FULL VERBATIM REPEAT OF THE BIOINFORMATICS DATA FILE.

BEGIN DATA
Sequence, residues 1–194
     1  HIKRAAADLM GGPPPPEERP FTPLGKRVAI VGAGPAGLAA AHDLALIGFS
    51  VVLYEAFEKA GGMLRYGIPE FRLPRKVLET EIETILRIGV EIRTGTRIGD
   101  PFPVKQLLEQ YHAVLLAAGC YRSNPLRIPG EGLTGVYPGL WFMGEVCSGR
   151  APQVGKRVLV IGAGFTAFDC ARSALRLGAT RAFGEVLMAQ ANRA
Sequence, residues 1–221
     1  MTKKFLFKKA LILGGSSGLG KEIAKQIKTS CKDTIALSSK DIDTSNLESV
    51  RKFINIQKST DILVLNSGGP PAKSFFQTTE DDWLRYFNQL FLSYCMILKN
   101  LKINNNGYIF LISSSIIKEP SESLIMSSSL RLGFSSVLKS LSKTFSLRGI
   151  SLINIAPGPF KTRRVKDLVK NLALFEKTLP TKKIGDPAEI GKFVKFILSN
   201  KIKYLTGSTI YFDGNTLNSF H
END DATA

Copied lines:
Sequence, residues 1–194
     1  HIKRAAADLM GGPPPPEERP FTPLGKRVAI VGAGPAGLAA AHDLALIGFS
    51  VVLYEAFEKA GGMLRYGIPE FRLPRKVLET EIETILRIGV EIRTGTRIGD
   101  PFPVKQLLEQ YHAVLLAAGC YRSNPLRIPG EGLTGVYPGL WFMGEVCSGR
   151  APQVGKRVLV IGAGFTAFDC ARSALRLGAT RAFGEVLMAQ ANRA
Sequence, residues 1–221
     1  MTKKFLFKKA LILGGSSGLG KEIAKQIKTS CKDTIALSSK DIDTSNLESV
    51  RKFINIQKST DILVLNSGGP PAKSFFQTTE DDWLRYFNQL FLSYCMILKN
   101  LKINNNGYIF LISSSIIKEP SESLIMSSSL RLGFSSVLKS LSKTFSLRGI
   151  SLINIAPGPF KTRRVKDLVK NLALFEKTLP TKKIGDPAEI GKFVKFILSN
   201  KIKYLTGSTI YFDGNTLNSF H